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Arlington Joins Neighbors in Asking for More Vaccine Supply

A vial of the COVID-19 vaccine (DOD Photo by Navy Petty Officer 1st Class Carlos M. Vazquez II)

Arlington County has the capacity to administer 14,000 vaccine doses per week, but has been getting at most 8,000 doses per week from the state.

That’s according to a letter sent to Virginia Gov. Ralph Northam from the Northern Virginia Regional Commission, which represents Arlington and other local government in the region. The letter asks the governor to send Northern Virginia localities more doses to quicken the pace of vaccinations.

“We have assembled the capacity to administer many more doses of coronavirus vaccine than we are currently administering,” the commission’s letter says. “With additional doses allocated to our health districts immediately, we can put that capacity to work to quickly assist the Commonwealth in achieving its vaccination and equity goals.”

The letter notes that Arlington has over 28,000 people who meet current Virginia’s Phase 1A and 1B guidelines waiting for their vaccinations to be scheduled. Meanwhile, the state announced last week that some health districts — including less populated areas where there is less vaccine demand — would begin transitioning to Phase 1C.

“Each of our health districts have waiting lists for vaccines for individuals in the 1A and 1B categories that far outstrip the supply we have received to date,” the letter says. “We stand ready to meet your expectation that everyone, even those who have not yet registered, will have a place in line six weeks from now, but we will need more doses immediately to make that reality.”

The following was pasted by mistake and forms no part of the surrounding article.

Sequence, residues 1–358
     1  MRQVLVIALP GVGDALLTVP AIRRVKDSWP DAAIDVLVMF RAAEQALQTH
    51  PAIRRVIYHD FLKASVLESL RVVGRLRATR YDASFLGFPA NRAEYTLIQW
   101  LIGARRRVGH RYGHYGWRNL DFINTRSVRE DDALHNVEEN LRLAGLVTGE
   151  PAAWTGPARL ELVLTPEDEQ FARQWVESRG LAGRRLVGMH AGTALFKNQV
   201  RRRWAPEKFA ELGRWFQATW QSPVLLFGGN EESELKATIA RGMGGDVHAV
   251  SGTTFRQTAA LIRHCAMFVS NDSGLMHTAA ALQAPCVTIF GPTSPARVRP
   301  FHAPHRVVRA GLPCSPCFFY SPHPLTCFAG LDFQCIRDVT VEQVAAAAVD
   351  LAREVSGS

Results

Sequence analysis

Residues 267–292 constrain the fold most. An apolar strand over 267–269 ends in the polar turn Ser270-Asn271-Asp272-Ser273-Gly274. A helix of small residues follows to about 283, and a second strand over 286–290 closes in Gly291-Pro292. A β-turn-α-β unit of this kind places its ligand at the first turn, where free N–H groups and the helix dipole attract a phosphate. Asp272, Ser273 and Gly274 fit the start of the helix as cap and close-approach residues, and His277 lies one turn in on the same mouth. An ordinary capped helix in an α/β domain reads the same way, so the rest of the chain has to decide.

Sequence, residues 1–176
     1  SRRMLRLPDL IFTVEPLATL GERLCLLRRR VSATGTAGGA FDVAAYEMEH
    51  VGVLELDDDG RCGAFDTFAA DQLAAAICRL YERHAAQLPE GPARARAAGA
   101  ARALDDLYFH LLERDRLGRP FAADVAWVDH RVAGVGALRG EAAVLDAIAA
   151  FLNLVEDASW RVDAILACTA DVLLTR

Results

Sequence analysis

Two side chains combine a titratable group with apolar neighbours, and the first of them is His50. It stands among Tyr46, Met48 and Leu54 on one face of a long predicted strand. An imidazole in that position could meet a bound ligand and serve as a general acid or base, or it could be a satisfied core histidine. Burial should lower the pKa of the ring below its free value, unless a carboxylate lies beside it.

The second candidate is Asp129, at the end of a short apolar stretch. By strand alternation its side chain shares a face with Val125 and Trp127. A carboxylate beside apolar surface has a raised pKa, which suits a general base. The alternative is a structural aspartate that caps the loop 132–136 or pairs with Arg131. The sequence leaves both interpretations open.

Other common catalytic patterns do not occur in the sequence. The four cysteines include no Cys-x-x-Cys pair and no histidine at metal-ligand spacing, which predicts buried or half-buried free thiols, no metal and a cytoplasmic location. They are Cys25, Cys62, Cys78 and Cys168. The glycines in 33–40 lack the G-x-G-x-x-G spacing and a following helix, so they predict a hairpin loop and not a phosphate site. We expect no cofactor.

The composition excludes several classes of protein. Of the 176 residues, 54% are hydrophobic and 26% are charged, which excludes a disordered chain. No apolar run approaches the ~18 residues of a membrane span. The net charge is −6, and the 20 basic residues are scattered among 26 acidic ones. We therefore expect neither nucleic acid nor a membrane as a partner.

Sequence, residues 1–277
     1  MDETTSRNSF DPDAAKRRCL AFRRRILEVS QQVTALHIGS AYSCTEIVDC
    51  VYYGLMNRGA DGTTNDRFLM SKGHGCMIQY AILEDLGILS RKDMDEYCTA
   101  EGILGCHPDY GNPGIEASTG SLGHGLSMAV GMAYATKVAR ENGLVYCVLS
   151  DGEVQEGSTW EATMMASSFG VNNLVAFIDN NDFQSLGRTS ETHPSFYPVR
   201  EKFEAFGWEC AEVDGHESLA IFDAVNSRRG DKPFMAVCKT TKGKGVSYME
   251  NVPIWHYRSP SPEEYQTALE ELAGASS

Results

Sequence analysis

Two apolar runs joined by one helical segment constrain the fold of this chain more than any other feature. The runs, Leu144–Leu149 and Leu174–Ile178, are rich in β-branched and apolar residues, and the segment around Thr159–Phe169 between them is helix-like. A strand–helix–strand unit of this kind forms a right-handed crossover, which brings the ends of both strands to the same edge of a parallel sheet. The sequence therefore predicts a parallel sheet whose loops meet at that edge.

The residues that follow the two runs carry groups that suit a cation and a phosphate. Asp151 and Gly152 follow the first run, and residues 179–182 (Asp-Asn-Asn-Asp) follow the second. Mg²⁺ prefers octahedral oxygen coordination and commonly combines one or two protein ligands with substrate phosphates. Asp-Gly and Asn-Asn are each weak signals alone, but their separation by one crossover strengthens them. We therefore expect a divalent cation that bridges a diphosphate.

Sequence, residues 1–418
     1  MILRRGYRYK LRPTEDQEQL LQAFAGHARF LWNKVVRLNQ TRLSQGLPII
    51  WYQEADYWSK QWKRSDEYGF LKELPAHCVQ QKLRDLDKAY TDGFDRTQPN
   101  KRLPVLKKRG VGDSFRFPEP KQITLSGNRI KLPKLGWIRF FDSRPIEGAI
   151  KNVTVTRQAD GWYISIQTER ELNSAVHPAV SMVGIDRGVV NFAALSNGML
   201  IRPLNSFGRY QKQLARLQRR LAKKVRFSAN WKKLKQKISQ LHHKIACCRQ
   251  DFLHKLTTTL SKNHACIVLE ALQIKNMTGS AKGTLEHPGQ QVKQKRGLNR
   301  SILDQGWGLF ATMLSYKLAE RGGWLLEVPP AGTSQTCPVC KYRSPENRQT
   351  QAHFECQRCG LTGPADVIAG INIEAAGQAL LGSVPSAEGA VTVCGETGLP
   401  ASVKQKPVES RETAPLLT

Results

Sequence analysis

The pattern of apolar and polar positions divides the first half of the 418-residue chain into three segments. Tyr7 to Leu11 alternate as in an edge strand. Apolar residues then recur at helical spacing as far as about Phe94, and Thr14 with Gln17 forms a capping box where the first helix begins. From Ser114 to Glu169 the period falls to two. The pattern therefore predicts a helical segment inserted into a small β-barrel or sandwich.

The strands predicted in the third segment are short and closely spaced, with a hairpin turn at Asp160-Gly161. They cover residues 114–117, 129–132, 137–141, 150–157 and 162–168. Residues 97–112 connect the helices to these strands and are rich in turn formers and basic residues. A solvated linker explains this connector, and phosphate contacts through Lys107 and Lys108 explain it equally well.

As of Tuesday morning, 24,690 people in Arlington — 10.4% of the county’s population — have been fully vaccinated, according to Virginia Dept. of Health data. In all, just under 67,000 doses have been administered in Arlington, at a trailing seven-day average rate of 1,372 doses per day. That figure includes doses administered by pharmacies and other private entities.

County Board Chair Matt de Ferranti said the county is also seeking more autonomy from the state to make decisions about vaccination priorities.

“We hope that the Governor will respond to the NVRC’s request to increase Northern Virginia’s vaccine supply, and to allow our Health Directors greater discretion to make decisions about how we administer the vaccine to our residents going forward,” de Ferranti said in a statement. “We have the capacity and the demonstrated commitment to vaccinating our community as quickly and equitably as possible.”

Arlington’s Congressman, Rep. Don Beyer (D-Va.), also weighed in, tweeting his support Monday for more vaccine doses.

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